I am trying to prove the above statement. A DeMorgan circuit is a circuit that has only $\{ \wedge, \vee, \neg \}$ gates, and the negation is applied only to input variables.

So, assuming we have a circuit of size $s$ that computes a function $f: \{0,1\}^n \rightarrow \{0,1\}$. The basis for this circuit is $\{\wedge, \vee, \neg\}$ with fan-in 2 for the OR and AND gates. I am trying to prove we can convert this circuit to a DeMorgan circuit of size at most $2s$.

Intuitively and in small examples, this claim makes sense to me but I would like to prove that more formally. I have searched in several papers but this claim is mostly mentioned but not proved. Can someone give me intuition about the proof?

The above statement was mentioned in the following paper https://eccc.weizmann.ac.il/report/2018/154/ in the second paragraph of the 1st page and continuing on the 2nd page.

  • $\begingroup$ If the fan-in is constant, you can get $O(s)$ by replacing each non-de Morgan gate with a constant size circuit computing the same function. $\endgroup$ May 28, 2021 at 6:57
  • $\begingroup$ @YuvalFilmus you have to beware though, just applying de-morgan's law can exponentially increase the circuit size (each NOT will doubled, for every gate we apply the law on) $\endgroup$
    – nir shahar
    May 29, 2021 at 11:23
  • $\begingroup$ I don't think so. It's a gadget reduction. Every gate is replaced by a constant size gadget. $\endgroup$ May 29, 2021 at 11:44
  • $\begingroup$ @YuvalFilmus all "NOT" gates need to be only in the input, so when you do some transformation [ for example: NOT($a$ AND $b$) into (NOT $a$) OR (NOT $b$) ] you have to pass the NOT gates backwards and apply the transformation until the NOT reaches the inputs. Basically, in this way - each NOT will duplicate itself $2^d$ times where $d$ is the depth of that NOT gate $\endgroup$
    – nir shahar
    May 29, 2021 at 11:51
  • $\begingroup$ I don’t think so. For every gate in the original circuit, you keep two gates, one computing the original function, and the other its negation. $\endgroup$ May 29, 2021 at 12:32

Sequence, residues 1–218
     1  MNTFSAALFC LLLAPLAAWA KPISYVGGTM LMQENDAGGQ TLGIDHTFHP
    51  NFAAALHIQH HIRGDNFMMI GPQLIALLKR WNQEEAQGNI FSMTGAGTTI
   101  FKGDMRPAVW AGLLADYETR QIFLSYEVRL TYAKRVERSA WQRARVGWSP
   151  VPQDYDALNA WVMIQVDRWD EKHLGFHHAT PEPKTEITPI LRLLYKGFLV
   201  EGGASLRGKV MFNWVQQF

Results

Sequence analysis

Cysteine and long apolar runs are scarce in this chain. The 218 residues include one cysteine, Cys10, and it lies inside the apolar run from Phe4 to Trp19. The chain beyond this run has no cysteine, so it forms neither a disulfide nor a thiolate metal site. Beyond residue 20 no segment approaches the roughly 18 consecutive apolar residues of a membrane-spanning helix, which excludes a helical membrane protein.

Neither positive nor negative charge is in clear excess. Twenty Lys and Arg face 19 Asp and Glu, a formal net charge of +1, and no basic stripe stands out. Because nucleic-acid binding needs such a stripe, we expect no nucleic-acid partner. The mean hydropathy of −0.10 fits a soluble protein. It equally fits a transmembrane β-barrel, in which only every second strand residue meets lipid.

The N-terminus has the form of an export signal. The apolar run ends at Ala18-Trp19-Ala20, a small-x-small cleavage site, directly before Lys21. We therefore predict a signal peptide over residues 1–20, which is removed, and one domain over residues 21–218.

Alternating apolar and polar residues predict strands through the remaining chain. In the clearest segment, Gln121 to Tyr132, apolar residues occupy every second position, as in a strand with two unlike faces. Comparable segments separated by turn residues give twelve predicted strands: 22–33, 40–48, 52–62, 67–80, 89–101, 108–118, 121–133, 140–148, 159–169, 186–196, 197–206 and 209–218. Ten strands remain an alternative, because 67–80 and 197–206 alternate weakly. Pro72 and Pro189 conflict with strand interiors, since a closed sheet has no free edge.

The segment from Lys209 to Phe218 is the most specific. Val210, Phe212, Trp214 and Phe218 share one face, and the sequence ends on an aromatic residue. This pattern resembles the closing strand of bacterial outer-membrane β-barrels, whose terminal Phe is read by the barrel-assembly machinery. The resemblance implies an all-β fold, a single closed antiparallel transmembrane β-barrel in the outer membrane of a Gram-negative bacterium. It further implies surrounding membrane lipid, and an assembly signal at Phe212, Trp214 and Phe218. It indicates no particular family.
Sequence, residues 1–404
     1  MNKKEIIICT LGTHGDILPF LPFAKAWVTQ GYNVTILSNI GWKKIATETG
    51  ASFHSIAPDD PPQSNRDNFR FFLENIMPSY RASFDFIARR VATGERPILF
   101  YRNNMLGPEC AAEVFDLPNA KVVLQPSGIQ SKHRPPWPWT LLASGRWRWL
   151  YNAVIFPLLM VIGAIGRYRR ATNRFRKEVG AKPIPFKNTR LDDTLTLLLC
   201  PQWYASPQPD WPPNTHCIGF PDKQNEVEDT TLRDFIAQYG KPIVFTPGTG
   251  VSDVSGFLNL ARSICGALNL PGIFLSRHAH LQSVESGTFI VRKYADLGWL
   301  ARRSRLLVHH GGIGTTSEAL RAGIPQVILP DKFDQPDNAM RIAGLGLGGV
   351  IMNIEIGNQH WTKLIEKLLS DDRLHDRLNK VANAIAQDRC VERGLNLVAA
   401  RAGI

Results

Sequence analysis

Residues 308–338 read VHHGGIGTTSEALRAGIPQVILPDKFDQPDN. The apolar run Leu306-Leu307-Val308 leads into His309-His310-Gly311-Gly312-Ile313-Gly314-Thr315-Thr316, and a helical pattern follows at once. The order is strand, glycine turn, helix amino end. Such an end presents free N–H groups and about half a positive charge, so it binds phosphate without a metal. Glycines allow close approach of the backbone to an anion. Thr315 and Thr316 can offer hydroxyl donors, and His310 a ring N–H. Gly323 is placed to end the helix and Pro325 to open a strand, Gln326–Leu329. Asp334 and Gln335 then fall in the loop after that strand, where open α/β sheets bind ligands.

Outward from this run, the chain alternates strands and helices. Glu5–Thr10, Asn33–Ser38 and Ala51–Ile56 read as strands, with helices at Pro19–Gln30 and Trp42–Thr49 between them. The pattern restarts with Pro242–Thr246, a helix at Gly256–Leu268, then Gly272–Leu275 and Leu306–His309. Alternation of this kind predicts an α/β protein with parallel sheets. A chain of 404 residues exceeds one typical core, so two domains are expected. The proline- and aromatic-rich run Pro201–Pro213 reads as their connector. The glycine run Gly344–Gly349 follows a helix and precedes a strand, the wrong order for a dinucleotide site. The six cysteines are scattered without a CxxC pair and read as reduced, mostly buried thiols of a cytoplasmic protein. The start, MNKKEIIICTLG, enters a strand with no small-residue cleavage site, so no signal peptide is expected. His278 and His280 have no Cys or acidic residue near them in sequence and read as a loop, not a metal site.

1 Answer 1


The idea is to "move backwards" all the not gate. Assume you have some circuit, for example $(\cdot,\cdot)\rightarrow AND\rightarrow NOT\rightarrow OUTPUT$

Can be converted to:

$(\cdot \rightarrow NOT,\cdot \rightarrow NOT)\rightarrow OR\rightarrow OUTPUT$

Doing this without thought can increase the circuit size exponentially. So, when you see two $NOT$ gates one after another - cancel both of them out. I guarantee you this will work, but I wont prove it to you (this is your task)

  • $\begingroup$ Im not sure I understand your proposal. I wanna increase the circuit size to 2s so that negation gates are only applied to the input. So, I thought of applying DeMorgan's laws backwards which will result in increasing the gates by 1 for example if you apply it to a conjuction or disjunction. Since the size of the circuit is $s$ that means there are $s$ gates so it follows that if this procedure needs to be applied to at most $s$ gates then the circuit size will increase by at most $s$, thus the resulting circuit can be at most of size $2s$. That's my thought process. $\endgroup$
    – Gaussbaby
    May 28, 2021 at 7:40
  • $\begingroup$ The thought process you described ispretty much what I explained in this answer. Basically, you use De-Morgan's law to move the "NOT" backwards (from the output to the input), and in order to make sure you won't end up with an exponential number of NOT gates, just cancel every two NOT gates that come together. Beware! It is possible to apply De-Morgan's law more than once per gate. $\endgroup$
    – nir shahar
    May 28, 2021 at 9:45

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